via Apartment Therapy.com
A home warranty is a renewable home service plan that protects your home systems and appliances — like HVAC systems and hot water heaters — when breakdowns occur. While homeowners insurance policies often only cover catastrophes, warranties are designed to help pay for the things that wear out or break from day-to-day use.
How does a home warranty work?
A home service plan is purely elective, but it’s a smart purchase, according to Raj Midha, senior vice president and general manager at American Home Shield, a home warranty company. A typical policy will run a homeowner between $50 to $75 a month. Even with that low price tag, Midha says they can pay off big in the end. “Let’s say your HVAC system stops working. In that case, a qualified, independent service contractor will be assigned to assess the problem,” he says. “If it’s determined that the system is no longer working because of age or wear and tear, and the breakdown is covered under the terms of your service contract, the repair professional will make the repair, or if necessary, replace the appliance or system component for just the cost of your service call.”
With Midha’s company, that savings could vary based on the coverage you’ve selected for your policy. “A one-time service call costs either $75, $100, or $125 based on the amount you choose in advance when you become a member, and American Home Shield pays the remaining amount for the repair or replacement based on the plan that you have selected.”
Here’s what it won’t cover.
Each plan is different, which is why Midha says it’s important to understand the specific coverage limitations of your policy. “In general, a home warranty does not cover events like fire, smoke, theft, fallen trees, or damage caused by weather, which are covered by home insurance,” he explains.
Who benefits most from a home warranty?
People with new construction properties or recently updated homes may think that there’s no reason for them to purchase a home warranty for their home since their appliances are new, but Midha says they’re a great investment for any homeowner. “They are suitable for any type of customer, due to the wide range of options for customization and add-on coverage, but may be an especially wise decision for homeowners on a set budget, owners of older homes, or recent home buyers who opted to waive their inspection contingencies,” he explains. “The protection of a home service plan can save you hundreds or even thousands of out-of-pocket dollars, as well as the headache of finding a trusted service contractor to make the repairs.”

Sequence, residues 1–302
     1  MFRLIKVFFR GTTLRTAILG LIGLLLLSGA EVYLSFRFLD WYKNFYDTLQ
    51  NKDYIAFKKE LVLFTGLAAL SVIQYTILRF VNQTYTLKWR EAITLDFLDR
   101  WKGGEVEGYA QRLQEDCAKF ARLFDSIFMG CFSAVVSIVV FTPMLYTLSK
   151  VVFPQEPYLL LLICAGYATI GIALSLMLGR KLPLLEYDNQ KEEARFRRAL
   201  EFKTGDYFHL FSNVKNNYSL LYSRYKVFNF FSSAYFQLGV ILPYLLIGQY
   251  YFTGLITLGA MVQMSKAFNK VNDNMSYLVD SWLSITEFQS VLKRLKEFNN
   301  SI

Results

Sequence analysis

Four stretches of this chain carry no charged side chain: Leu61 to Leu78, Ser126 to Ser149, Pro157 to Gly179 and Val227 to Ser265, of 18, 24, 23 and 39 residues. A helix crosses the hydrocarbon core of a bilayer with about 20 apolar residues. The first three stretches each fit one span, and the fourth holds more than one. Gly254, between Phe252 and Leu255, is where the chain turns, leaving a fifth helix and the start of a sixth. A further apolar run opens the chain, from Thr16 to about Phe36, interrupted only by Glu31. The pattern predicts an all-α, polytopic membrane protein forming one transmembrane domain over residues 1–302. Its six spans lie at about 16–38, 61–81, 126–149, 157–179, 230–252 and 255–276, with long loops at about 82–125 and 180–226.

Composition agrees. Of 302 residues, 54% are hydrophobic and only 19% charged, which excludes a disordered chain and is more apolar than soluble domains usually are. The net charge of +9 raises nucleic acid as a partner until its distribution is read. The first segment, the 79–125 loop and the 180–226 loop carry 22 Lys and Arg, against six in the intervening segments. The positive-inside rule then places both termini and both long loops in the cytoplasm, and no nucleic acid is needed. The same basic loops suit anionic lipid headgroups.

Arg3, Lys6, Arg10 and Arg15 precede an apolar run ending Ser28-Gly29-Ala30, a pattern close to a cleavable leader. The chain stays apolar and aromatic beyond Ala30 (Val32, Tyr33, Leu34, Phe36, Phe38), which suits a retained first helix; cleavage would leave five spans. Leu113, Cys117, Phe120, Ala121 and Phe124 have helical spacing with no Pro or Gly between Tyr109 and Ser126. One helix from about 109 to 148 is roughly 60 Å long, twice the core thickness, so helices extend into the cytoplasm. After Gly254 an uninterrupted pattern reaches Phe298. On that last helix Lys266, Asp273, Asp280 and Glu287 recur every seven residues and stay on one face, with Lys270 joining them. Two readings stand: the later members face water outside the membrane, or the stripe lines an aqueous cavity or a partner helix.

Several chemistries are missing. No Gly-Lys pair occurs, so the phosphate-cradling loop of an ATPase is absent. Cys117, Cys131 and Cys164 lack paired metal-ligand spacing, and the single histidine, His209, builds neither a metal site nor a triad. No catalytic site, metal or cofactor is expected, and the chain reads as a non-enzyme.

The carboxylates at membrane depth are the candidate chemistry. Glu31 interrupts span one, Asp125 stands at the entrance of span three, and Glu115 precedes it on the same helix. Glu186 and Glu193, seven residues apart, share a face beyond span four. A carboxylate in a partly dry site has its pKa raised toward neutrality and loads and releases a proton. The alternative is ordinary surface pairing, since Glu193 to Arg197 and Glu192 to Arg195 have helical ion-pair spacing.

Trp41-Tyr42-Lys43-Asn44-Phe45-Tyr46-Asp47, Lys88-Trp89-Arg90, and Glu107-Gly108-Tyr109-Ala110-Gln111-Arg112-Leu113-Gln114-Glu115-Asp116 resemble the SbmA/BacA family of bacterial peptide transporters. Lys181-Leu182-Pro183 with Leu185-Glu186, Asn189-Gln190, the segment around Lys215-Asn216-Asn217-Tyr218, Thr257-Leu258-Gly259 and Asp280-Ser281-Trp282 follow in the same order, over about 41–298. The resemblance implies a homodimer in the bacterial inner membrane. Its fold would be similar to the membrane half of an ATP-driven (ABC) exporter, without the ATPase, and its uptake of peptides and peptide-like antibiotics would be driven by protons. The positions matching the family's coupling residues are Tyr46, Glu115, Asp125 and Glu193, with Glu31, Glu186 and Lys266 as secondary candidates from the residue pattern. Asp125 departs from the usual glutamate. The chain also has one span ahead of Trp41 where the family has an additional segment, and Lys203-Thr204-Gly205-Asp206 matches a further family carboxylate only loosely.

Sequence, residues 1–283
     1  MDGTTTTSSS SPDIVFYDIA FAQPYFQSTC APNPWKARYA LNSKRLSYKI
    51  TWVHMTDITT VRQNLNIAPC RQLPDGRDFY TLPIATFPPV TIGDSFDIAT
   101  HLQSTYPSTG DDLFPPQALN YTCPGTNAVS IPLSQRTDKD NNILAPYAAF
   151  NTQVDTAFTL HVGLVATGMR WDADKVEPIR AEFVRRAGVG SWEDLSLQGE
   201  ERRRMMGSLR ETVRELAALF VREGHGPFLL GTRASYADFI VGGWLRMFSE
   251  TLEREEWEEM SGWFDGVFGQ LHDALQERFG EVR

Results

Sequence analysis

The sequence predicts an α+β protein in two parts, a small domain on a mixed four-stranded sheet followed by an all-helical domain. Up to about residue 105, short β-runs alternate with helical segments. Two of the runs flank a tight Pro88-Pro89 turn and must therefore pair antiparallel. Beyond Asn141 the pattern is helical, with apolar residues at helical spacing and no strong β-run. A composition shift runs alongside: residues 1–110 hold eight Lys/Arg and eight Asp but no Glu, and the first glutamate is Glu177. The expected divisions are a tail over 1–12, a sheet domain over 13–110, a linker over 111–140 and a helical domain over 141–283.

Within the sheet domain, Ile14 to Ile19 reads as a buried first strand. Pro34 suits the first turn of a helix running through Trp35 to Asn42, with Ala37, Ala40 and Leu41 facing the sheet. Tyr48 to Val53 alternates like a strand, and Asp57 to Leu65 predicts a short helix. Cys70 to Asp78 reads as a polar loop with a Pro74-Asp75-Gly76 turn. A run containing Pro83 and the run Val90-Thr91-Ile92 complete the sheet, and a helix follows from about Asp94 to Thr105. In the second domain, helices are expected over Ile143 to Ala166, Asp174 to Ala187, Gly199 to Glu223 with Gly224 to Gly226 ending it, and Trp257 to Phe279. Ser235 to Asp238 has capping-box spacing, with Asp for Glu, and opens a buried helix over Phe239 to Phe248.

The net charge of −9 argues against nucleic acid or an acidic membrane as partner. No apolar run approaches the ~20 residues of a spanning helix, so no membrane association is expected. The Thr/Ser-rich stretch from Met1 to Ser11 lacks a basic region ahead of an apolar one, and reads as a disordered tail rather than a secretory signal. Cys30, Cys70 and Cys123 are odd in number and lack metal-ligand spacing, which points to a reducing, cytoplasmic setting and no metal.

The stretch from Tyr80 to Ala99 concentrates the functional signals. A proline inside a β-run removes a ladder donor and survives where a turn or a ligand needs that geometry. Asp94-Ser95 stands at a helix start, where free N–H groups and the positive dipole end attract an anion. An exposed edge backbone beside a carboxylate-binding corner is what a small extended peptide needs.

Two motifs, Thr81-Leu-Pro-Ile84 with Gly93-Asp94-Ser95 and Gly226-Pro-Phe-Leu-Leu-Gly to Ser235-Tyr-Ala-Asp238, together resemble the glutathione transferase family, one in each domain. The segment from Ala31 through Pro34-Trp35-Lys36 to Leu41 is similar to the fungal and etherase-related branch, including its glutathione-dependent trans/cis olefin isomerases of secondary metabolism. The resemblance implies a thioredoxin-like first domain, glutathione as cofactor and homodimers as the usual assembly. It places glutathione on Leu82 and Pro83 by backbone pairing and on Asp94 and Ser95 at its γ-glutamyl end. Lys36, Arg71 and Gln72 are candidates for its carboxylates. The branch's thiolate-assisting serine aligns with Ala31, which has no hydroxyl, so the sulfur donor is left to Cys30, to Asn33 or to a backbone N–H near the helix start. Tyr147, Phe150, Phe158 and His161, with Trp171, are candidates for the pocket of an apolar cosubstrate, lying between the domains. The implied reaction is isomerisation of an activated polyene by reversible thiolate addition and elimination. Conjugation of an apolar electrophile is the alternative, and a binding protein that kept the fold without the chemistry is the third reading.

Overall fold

Who doesn’t benefit from a home warranty?
Of course, not everyone will get the most bang for their buck with a home warranty. Because most warranties are contingent upon the homeowner having properly maintained the items, some of your most expensive appliances may not be covered due to a previous owner’s neglect. Additionally, when you opt to use a home warranty to cover your appliances, you may not get a say when it comes to picking the brand used to replace items that are damaged beyond repair. And lets not forget, similar to an insurance policy, you’ll pay your annual premium for your warranty regardless of whether you need any repairs or replacements. Some people may feel like that money could be better spent being tucked into an emergency savings account to be applied to a wider range of emergencies.
How does a home warranty differ from a home insurance policy?
An easy way to differentiate a warranty from insurance is that homeowners insurance protects against things that might happen, explains Midha (like fires, theft or natural disasters). Warranty plans, on the other hand, protect against things that will happen due to normal wear and tear (like broken down ovens and air conditioning units that have cooled their last hot afternoon).
Here’s how to get your own.
While they’re often advertised as a perk when you’re looking to purchase a new home, you can purchase a policy at any time. “Once you purchase a plan, you can start using your home warranty after the 30-day waiting period, which is an industry standard,” Midha says, adding that if you’re looking to purchase a plan yourself, you should look for a well-established provider committed to transparency in coverage terms, service procedures, and pricing.